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Saviors and survivors : Darfur, politics, and the War on terror
Mahmood Mamdani
Adult Nonfiction DT159.6.D27 M36 2009

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From Publishers' Weekly:

Mamdani (Good Muslim, Bad Muslim) continues to challenge political and intellectual orthodoxies in his latest book, a bold, near brilliant re-examination of the conflict in Darfur. While acknowledging the "horrendous violence" committed in the region, Mamdani contends that Darfur is not the site of genocide but rather a "site where the language of genocide has been used as an instrument." The author believes that the "war on terror" provided an international political context in which the perpetrators of violence in Darfur could be categorized as "Arabs" seeking to eradicate "black" Africans in the region. Challenging these racial distinctions, Mamdani traces the history of Sudan and the origins of the current conflict back past the 10th century to demonstrate how the divide between Arab and non-Arab ethnic groups is political rather than racial in nature. The author persuasively argues that the conflict in Darfur is a political problem, with a historical basis, requiring a political solution-facilitated not by the U.N. or a global community but rather by the African Union and other African states. The book's introductory and closing chapters are essential reading for those interested in the topic. (Mar.) (c) Copyright PWxyz, LLC. All rights reserved

From Library Journal:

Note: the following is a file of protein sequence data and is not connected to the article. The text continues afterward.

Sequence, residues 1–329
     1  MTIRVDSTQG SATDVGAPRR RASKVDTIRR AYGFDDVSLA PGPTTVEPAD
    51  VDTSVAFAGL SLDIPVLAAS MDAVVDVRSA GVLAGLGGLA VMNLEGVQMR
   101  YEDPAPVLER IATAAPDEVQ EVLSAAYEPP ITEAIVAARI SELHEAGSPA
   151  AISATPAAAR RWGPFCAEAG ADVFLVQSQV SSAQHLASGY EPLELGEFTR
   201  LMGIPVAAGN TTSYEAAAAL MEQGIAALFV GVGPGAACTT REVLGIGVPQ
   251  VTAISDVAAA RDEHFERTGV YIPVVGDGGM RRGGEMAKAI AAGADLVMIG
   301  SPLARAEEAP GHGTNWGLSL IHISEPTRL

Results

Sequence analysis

Highlighted by the International Criminal Court's recent indictment of Sudanese president Omar Hassan al-Bashir on counts of war crimes and crimes against humanity, the turmoil in the Darfur region of the Sudan continues to evoke both impassioned advocacy and controversy. The latter stems primarily from the power inherent in one word-genocide-and whether or not it should be applied to events in the region. The World and Darfur, edited by Grzyb (information & media studies, Univ. of Western Ontario), uniquely encompasses a diversity of scholarship by both social scientists and scholars in the humanities (all genocide scholars), who examine the West's response (or lack thereof) to Darfur. The essays from humanities scholars are especially powerful, ranging from the deconstruction of language used by Western and Sudanese politicians to the messages conveyed in art drawn by children in Darfur refugee camps. The message is clear: genocide occurred and continues to occur in Darfur, and Western nations-stalled by bureaucracy and politics-have a moral and legal obligation to intervene. In stark contrast, Mamdani (Good Muslim, Bad Muslim) argues that calling the events in Darfur genocide is inaccurate and irresponsible. In his sweeping history of Darfur, Mamdani claims that the political and cultural complexities of the region have brought about events that are indeed tumultuous but do not constitute genocide. He believes that the West's concern with Darfur is a preferred distraction from the failed U.S. occupation in Iraq, offering Western citizens a means to reclaim the moral high ground. At the core of Mamdani's argument is an explicit fear that the claim of genocide and call for justice is a thinly veiled attempt to recolonize Africa. These books offer strikingly disparate interpretations of Darfur, each stamped as truth. At times, the in-depth academic analyses betray a certain level of detachment from the human experience in Darfur that can be a bit disheartening. That aside, both books provide valuable historical and cultural background to recent events in Darfur and the sure-to-continue scholarly debate on genocide.-Veronica Arellano, Univ. of Houston Libs. (c) Copyright 2010. Library Journals LLC, a wholly owned subsidiary of Media Source, Inc. No redistribution permitted.

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